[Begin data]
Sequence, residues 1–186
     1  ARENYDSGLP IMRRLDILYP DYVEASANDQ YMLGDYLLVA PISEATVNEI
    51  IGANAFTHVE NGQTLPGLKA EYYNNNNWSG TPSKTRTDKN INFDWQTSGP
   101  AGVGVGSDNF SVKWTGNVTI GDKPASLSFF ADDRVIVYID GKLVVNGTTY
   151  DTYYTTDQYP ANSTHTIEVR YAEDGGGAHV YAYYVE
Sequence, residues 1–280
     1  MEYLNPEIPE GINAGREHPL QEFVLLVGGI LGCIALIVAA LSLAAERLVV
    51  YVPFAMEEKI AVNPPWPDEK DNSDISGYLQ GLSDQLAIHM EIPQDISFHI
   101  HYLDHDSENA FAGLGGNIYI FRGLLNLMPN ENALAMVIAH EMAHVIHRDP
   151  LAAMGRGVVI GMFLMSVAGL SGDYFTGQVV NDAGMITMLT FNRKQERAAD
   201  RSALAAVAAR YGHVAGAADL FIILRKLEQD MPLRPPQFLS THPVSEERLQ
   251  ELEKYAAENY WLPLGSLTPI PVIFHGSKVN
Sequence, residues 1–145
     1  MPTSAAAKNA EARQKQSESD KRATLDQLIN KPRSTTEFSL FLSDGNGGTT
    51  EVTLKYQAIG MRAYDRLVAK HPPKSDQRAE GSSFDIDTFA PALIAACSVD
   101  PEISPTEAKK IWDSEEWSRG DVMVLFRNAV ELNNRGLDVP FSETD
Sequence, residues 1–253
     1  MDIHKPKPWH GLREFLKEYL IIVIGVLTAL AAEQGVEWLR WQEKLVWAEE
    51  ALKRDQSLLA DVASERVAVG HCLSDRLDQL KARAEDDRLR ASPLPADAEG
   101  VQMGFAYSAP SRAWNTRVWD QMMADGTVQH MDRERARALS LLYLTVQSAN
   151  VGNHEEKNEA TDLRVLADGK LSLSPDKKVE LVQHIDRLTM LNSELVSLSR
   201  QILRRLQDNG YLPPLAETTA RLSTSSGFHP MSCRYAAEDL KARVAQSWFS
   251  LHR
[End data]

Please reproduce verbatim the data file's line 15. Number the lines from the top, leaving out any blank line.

    51  EVTLKYQAIG MRAYDRLVAK HPPKSDQRAE GSSFDIDTFA PALIAACSVD